Children who play violent video games may experience an increase in aggressive thoughts, which in turn, could boost their aggressive behavior, a controversial new study conducted in Singapore suggests.
In the study, children ages 8 to 17 who played a lot of violent video games showed an increase in aggressive behavior — such as hitting, shoving and pushing — three years later, compared to their behavior at the study start.
Meanwhile, those who decreased the amount of time they spent playing violent video games saw a decrease in aggressive behavior, the researchers said. [9 Weird Ways Kids Can Get Hurt]
The reason for the increase in aggressive behavior was that children who played a lot of violent video games had an increase in aggressive thoughts: for instance, they were more likely to interpret an ambiguous act, like someone bumping into them, as hostile, said study researcher Craig Anderson, a psychologist and professor at Iowa State University. They were also more likely to see aggressive behavior as an appropriate way to respond to provocation, Anderson said.
"Children and adolescents who play a lot of [violent] games change over time, they start to see aggressive solutions as being more reasonable," ways to respond to conflict or frustration, Anderson told Live Science.
However, experts not involved with the study say that the research has flaws, and does not add anything meaningful to the debate over whether violent video games increase aggression, which has been a contentious issue. They also say that other researchers should be allowed to analyze the data, to see if they find the same result.
Studies on whether violent video games lead to aggression in children have been mixed: some studies have found a strong connection, while others find no link.
Christopher Ferguson, an associate professor of psychology at Stentson University in DeLand, Fla., who was not involved in the new study, said that data used in the new study has been used in the past to make connections between violent video games and aggression, but that such work has been previously criticized.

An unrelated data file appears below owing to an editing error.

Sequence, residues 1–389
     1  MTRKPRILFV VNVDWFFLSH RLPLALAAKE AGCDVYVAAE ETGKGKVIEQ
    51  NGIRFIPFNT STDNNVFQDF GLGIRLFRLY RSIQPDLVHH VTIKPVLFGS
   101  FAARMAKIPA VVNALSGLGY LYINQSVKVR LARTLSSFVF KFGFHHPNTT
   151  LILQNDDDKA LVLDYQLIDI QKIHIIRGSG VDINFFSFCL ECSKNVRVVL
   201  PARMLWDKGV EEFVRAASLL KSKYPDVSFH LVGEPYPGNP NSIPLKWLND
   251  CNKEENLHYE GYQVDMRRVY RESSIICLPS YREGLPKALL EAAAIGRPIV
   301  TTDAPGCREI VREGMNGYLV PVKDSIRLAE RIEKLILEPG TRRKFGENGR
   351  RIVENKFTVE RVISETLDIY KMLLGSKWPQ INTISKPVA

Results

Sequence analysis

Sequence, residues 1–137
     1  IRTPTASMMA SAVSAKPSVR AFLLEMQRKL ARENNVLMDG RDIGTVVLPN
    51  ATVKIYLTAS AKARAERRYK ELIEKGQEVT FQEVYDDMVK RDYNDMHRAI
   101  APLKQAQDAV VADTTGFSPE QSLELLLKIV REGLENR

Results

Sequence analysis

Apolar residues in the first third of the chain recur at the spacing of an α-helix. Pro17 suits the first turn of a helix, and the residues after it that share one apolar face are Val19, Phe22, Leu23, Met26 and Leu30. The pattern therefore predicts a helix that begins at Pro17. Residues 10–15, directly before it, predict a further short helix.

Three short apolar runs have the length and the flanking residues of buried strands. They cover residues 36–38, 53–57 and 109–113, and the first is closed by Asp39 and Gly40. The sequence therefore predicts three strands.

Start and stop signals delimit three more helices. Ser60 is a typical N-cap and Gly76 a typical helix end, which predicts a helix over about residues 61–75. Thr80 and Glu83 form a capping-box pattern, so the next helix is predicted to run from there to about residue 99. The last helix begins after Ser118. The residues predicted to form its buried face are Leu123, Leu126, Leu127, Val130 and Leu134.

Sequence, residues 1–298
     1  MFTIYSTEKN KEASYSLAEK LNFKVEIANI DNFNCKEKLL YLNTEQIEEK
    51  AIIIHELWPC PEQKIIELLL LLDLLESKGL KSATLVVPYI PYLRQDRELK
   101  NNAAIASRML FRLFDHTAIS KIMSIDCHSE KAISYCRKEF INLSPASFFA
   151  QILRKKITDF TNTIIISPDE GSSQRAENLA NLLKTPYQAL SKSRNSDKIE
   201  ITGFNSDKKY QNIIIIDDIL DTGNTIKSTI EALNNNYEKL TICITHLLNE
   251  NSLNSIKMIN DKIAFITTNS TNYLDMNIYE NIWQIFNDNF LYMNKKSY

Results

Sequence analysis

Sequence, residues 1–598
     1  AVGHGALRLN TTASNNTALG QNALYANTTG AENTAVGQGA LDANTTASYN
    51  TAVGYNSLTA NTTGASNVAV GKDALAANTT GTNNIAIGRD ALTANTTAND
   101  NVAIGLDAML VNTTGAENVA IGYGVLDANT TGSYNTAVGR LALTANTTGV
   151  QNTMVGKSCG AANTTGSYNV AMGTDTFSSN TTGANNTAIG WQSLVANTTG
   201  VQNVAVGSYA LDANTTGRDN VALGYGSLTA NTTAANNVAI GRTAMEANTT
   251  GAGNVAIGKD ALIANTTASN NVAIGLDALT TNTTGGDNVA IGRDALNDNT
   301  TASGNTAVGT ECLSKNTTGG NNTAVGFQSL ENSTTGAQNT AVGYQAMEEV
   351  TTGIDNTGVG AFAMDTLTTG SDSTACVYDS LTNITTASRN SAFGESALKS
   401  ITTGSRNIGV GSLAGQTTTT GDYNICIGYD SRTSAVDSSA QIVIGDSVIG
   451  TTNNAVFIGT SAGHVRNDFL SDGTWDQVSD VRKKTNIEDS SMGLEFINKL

"Given that this data has been out there already, and that there's so many problems, I don think that's much here for parents or policy makers to take away from it," Ferguson said.
One issue is that the study asked only the children themselves to rate the violence of their video games, which could bias the results, Ferguson said.
Ferguson noted that despite increases in violent games, movies and television programs in recent decades, youth violence has not increased. "If video games really did have this direct, linear affect, we would be able to see it in society, and we're not," he said.
Andrew Przybylski, a social scientist at the University of Oxford in the United Kingdom, agreed, saying the new study is "weakened by analytical shortcomings that make it difficult for me to assess where it fits in the debate."
Przybylski said the study does not provide an important number known as the effect size, which would describe how much violent video games account for aggressive behavior. This is important because researchers have debated whether video games really increase aggressive behavior more than other factors, such as substance abuse, or even just having siblings, Przybylski said.
What can parents do?
Anderson said that parents should pay close attention to their child's media habits, and substitute games with violent content for those with pro-social content (such as those that involve cooperation), which have been suggested to boost pro-social behavior in the real world.
But Ferguson disagreed. "I think each parent has both the right and responsibility to decide what is best for their family, and also to respect that what works for one family may be different than what works for a different family." He added "it’s best to understand that this is a moral decision, not a public health decision."
Because of these differing opinions, Przybylski called on the researchers of the new study to share their data with others to help move the debate forward.
"This data set is very rich, and this publication raises a lot of questions about how things are being computed," Przybylski said. If the data were shared "then everyone would be looking at the same facts, instead of just trading relatively ideologically driven opinions," Przybylski said.
The study is published today (March 24) in the journal JAMA Pediatrics.
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Rachael is a Live Science contributor, and was a former channel editor and senior writer for Live Science between 2010 and 2022. She has a master's degree in journalism from New York University's Science, Health and Environmental Reporting Program. She also holds a B.S. in molecular biology and an M.S. in biology from the University of California, San Diego. Her work has appeared in Scienceline, The Washington Post and Scientific American.